Reviewed by Emma Horak

Content Warning: Mention of Violence and Sexual Assault

There’s an old saying that goes: “Sometimes all the words in the world can’t describe what you’re feeling.”

This is a beautiful thing when you see a performance that reminds you that words sometimes aren’t sufficient to describe a sensation or experience. Watching Takatāpui, the one-person show by Daley Rangi, was that reminder for me. Rangi’s amalgam of lyrical word, song, and dance makes for an electric, potent, and punchy show; and their weapons of choice for delivering such a charged performance? A microphone, voice processor, and killer pair of heels.

Takatāpui is best described as a heart laid bare, as Rangi grapples with trauma born from the multitude of injustices sewn into the systems of our society.

The show follows them preparing themselves for a fun night out. However, instead they are confronted with cruel acts of violence, ranging from slurs flung at them on a train to a date that ends with malevolent control. Rangi’s lyricism in explaining the evening creates a visceral insight into the plight for expression and identity that navigates complex subjects such as colonialism, transphobia, bigotry, and connection to culture with an unadulterated sincerity in its fifty-five-minute run-time.

Rangi occupies the performance space brilliantly to tell their tale. Though the performance’s blurb conceptualises them as ‘perched on a toilet’, the show I viewed features a high desk and seat, from which Rangi weaves their spoken word piece with Imogen Heap-esque loops of acapella for goosebump-inducing effect. As their recollection of the night grows darker in nature, the addition of biting humour, atmospheric music, and interludes of performative dance make for an extremely human and intimate experience.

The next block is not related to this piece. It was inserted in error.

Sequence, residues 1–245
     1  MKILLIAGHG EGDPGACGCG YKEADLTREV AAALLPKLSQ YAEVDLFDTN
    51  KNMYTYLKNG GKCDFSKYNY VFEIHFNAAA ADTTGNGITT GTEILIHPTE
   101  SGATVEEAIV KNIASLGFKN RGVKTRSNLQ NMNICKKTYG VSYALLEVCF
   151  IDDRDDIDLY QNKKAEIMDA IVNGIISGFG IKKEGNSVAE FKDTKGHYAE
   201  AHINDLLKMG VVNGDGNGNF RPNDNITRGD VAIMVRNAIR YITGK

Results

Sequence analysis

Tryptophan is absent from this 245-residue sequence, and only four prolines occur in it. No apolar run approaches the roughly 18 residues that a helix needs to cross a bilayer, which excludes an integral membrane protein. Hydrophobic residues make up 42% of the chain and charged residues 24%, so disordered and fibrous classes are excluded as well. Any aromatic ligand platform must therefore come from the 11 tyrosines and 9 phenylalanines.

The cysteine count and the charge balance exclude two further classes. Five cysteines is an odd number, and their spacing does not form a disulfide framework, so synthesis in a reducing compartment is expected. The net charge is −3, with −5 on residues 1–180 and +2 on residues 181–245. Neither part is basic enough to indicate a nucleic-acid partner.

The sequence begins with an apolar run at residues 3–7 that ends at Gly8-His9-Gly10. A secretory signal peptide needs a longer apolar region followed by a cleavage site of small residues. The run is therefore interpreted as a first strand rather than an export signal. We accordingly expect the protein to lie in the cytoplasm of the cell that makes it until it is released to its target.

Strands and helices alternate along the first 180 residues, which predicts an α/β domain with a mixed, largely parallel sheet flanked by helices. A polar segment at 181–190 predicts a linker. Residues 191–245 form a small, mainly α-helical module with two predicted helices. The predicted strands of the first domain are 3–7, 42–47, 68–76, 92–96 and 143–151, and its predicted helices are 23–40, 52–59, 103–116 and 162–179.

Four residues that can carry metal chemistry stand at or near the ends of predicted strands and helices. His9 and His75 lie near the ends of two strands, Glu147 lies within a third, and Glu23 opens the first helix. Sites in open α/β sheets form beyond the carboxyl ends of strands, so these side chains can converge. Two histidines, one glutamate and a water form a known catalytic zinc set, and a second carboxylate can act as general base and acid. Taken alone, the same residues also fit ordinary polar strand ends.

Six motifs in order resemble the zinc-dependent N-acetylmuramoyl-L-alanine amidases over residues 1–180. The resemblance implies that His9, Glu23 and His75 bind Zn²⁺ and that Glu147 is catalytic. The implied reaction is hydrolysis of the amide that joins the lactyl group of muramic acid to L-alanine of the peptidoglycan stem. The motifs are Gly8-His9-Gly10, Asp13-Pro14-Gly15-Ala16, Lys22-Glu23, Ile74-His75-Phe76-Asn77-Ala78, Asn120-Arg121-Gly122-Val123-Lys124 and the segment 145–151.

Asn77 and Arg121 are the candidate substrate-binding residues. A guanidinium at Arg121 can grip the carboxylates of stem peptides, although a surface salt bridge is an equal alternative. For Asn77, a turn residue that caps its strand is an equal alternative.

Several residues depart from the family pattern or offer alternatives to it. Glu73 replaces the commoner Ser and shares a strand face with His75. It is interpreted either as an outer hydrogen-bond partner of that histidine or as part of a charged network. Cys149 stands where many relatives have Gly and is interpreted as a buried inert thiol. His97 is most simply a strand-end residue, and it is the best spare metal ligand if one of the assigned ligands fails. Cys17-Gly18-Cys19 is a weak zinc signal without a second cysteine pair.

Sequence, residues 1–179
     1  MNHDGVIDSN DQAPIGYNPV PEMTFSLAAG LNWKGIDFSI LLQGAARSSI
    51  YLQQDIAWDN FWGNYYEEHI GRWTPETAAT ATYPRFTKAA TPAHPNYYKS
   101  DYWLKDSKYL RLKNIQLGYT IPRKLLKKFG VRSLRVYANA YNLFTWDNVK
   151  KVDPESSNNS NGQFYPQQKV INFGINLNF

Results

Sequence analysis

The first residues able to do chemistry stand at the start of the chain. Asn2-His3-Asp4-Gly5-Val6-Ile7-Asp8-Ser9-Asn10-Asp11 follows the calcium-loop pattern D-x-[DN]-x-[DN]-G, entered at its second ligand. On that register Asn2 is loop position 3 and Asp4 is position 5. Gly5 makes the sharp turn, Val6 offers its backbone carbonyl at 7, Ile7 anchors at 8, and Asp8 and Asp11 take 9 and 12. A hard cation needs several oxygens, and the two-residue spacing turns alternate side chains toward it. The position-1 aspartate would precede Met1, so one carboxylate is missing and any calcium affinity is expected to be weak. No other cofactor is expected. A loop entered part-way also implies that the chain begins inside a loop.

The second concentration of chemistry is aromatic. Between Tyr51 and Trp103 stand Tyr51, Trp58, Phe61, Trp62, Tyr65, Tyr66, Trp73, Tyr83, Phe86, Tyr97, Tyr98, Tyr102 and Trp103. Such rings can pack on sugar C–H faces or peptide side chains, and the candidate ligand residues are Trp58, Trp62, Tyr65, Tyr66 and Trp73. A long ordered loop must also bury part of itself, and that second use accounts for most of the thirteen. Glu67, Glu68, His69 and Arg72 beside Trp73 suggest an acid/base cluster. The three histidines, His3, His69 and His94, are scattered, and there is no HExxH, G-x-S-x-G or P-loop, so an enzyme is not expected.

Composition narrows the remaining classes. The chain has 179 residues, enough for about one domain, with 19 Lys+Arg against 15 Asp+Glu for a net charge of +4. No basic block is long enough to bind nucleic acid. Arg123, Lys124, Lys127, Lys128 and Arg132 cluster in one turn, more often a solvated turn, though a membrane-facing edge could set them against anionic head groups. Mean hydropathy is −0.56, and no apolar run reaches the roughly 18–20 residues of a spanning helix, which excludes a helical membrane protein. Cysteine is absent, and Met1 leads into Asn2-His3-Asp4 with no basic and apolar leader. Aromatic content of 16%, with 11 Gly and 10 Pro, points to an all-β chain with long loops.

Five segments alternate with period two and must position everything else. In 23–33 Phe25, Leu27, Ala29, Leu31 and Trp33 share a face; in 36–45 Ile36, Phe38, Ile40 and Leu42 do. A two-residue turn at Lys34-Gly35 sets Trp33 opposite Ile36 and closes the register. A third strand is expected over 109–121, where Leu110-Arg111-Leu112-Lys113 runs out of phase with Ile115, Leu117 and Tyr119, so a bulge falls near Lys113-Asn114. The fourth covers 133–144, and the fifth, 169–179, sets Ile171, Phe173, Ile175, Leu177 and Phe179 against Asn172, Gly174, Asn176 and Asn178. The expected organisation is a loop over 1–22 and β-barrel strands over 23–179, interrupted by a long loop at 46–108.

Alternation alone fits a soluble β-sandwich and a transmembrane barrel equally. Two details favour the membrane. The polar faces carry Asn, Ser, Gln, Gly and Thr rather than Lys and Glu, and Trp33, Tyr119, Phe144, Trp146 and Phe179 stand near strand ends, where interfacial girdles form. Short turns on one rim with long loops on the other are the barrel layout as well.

Takatāpui is the kind of show that stays with you long after you exit the performance space. Though at times unflinching in its recount of sexual harassment and assault, both are handled with care and provide the grim slap in the face needed by contemporary audiences to remind us that, in a society that claims itself to be egalitarian, spheres of personal identity are still parlous and at times dangerous to navigate for so many. To traverse such complex topics demonstrates the vitality of the Arts, and their ability to move past the barriers that remain in place for the spoken word.

Takatāpui is presented by the Blue Room.

By Pelican Magazine

Pelican Magazine acknowledges the Whadjuk Noongar people as the Traditional Custodians of the land—Whadjuk Boodja—on which we live, write, and work. We pay our respects to Elders past and present. // Pelican is the second-oldest student publication in Australia and the only independent paper at UWA. If you like having opinions, writing, drawing, and/or free tickets to local events, then Pelican is the place for you! We print SIX themed issues a year, and run a stream of online content. // Email your 2024 Editors (Abbey Wheeler and Jack Cross) here: [email protected] // Where to find us: Upstairs in Guild Village. Address: M300, 35 Stirling Highway, Crawley 6009 WA // Pelican Magazine of the UWA Student Guild & The University of Western Australia.

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